Jackie Lockhart expects her son to follow her onto the ice
Four-time Olympian Jackie Lockhart claims her son could soon be following in her footsteps on the ice
Jackie Lockhart may have hung up her broom but the former world champion curler claims her son could soon be following in her footsteps on the ice.
Stonehaven’s Lockhart was a key player in the golden year of 2002 for Scottish curling, climbing the top step of the podium at the World Championships in Bismarck as skip.
That followed the Winter Olympics in Salt Lake City where she had to watch her compatriots, skipped by Rhona Martin, secure Great Britain’s first gold medal in any sport at the Games since 1984.
Lockhart did compete in four Olympics, the final one also proving to be her last major competition in Vancouver 2010.
But she admits it may not be too long before you see the Lockhart name up in lights again, with 14-year-old Scott training with Sochi 2014 hopefuls David Murdoch and Tom Brewster at the Central Scotland Institute of Sport in Stirling.
“My kids are into curling, especially my little boy Scott, he’s 14 and I’d love to be able to follow him in the sport, hopefully he can follow on the Lockhart name,” said the 51-year-old, who was taking part in the P&G partnership with the British Olympic Association (BOA) to deliver the ‘nearest & dearest’ programme to educate families of Sochi 2014 Olympians.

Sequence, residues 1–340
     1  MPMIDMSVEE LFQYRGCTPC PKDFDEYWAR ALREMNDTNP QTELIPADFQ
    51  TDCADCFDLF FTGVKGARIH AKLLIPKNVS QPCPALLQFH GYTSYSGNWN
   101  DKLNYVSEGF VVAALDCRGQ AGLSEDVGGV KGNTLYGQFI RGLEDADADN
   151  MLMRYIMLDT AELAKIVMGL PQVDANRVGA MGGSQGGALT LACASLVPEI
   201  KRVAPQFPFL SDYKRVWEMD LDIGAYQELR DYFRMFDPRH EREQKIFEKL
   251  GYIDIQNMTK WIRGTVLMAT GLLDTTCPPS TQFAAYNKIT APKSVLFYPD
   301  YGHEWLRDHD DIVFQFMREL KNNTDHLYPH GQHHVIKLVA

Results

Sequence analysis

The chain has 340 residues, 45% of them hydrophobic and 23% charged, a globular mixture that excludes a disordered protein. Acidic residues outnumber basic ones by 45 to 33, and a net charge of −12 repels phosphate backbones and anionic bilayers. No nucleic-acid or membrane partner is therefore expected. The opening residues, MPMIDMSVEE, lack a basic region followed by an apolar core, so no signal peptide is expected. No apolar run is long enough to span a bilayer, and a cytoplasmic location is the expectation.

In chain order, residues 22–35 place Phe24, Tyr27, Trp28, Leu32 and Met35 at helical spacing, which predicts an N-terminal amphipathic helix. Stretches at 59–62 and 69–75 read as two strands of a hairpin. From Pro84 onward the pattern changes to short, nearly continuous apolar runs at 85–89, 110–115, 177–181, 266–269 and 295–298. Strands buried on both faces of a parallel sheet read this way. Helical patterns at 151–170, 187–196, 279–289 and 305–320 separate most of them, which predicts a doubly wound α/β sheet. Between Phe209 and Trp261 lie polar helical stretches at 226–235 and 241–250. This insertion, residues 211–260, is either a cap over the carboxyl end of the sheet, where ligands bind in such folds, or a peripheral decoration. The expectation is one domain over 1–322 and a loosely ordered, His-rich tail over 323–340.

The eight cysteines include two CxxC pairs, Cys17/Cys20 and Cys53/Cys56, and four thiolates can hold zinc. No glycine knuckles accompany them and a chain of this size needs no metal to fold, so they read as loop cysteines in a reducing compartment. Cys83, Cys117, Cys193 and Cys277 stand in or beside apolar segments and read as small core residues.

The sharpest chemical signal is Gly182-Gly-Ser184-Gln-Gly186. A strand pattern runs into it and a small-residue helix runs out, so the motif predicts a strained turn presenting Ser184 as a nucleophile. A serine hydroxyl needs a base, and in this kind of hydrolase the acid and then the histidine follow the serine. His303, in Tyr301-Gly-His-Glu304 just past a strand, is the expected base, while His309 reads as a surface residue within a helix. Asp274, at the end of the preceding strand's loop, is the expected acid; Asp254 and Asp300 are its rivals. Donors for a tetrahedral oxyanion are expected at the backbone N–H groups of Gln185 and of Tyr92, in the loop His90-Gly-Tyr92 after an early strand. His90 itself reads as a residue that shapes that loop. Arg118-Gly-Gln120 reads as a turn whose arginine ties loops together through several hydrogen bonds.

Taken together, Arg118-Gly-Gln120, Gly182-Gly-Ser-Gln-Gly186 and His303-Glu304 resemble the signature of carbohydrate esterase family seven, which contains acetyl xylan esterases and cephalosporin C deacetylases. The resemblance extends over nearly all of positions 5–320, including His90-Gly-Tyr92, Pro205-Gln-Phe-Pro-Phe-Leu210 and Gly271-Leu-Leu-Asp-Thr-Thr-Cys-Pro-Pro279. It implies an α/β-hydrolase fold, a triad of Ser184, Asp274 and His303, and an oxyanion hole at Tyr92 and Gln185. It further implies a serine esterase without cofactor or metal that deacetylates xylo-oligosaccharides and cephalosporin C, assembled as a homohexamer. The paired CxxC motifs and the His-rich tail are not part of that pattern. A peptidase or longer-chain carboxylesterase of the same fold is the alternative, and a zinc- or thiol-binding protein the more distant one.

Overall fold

“He was down here at the Scottish Institute of Sport curling camp and he was training with some of the professionals like David Murdoch and Tom Brewster, and some of the girls who have been selected in the squad for the Olympics, so he was really excited.
“He wants to be a sweeper now because he was really impressed by the boys’ guns! It’s amazing the fitness that they put into the sport nowadays.
“When I first started it was just a hobby I did, I found it strange someone saying I was an athlete, but now you are.
“I wouldn’t be pushing him towards the curling. I think he has a natural, raw talent for the game so I will encourage him to play and let him do his own thing.
“I don’t want to be a pushy parent, but I would be so chuffed if he went into it, it’s his own choice but he does like it so we’re halfway there.”
While Lockhart has been away from the ice for three years, she still took time out to speak to the families of some of the athletes hopeful of making it to Sochi as part of the nearest & dearest programme.
P&G, in partnership with the BOA, started the initiative ahead of London 2012 and it was the first of its kind in Olympic history.
It is specifically designed to support the friends and families of Team GB athletes and Lockhart believes it has great benefits.
“I would have benefitted from this about 20 years ago,” she added. “My Olympic Games have spanned over a number of years, from 1992 to 2010, and I’ve seen huge changes.
“It’s getting better and better all of the time, and the winter sports especially are catching up with the summer sports.
“It’s about setting expectations for the parents, family and friends of athletes about what they can expect when they go out there.
“When the kids go to a national championship or a world championship there’s generally not a lot of lockdown and they can generally do what you want.
“But when you go to an Olympic Games the media, the security, the accreditation – it’s just completely different and they won’t be able to see their kids as easily as they could before.”
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